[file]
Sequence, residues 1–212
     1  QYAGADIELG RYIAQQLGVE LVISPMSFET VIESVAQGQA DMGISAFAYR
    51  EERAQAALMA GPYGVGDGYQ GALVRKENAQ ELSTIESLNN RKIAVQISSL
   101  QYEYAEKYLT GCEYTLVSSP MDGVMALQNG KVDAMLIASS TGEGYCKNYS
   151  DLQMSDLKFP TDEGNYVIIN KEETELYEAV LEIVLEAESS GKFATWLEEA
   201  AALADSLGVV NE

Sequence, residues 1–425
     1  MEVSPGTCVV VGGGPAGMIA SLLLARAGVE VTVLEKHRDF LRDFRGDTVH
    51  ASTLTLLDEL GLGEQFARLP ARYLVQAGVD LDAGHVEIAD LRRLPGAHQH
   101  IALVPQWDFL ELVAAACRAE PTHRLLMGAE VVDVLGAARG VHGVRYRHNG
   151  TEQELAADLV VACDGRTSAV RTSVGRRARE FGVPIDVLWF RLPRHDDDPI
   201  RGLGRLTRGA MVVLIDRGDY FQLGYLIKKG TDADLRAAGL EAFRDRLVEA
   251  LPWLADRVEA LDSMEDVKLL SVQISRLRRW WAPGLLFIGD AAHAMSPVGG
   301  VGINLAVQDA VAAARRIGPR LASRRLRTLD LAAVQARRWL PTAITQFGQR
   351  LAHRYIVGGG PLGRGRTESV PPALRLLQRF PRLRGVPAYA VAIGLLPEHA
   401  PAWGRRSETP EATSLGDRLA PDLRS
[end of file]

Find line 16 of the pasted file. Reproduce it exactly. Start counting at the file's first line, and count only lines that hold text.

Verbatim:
   401  PAWGRRSETP EATSLGDRLA PDLRS